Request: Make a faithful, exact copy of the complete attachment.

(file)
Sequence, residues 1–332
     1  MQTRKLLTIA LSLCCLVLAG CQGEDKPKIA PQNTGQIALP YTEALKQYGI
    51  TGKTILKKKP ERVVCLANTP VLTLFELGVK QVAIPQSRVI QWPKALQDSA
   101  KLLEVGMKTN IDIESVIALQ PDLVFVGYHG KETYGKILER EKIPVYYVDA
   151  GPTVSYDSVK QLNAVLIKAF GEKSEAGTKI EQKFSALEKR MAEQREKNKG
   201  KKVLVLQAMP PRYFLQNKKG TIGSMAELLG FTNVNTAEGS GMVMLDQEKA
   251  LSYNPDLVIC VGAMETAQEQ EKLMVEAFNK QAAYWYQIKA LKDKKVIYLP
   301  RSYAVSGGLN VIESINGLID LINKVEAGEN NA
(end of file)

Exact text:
Sequence, residues 1–332
     1  MQTRKLLTIA LSLCCLVLAG CQGEDKPKIA PQNTGQIALP YTEALKQYGI
    51  TGKTILKKKP ERVVCLANTP VLTLFELGVK QVAIPQSRVI QWPKALQDSA
   101  KLLEVGMKTN IDIESVIALQ PDLVFVGYHG KETYGKILER EKIPVYYVDA
   151  GPTVSYDSVK QLNAVLIKAF GEKSEAGTKI EQKFSALEKR MAEQREKNKG
   201  KKVLVLQAMP PRYFLQNKKG TIGSMAELLG FTNVNTAEGS GMVMLDQEKA
   251  LSYNPDLVIC VGAMETAQEQ EKLMVEAFNK QAAYWYQIKA LKDKKVIYLP
   301  RSYAVSGGLN VIESINGLID LINKVEAGEN NA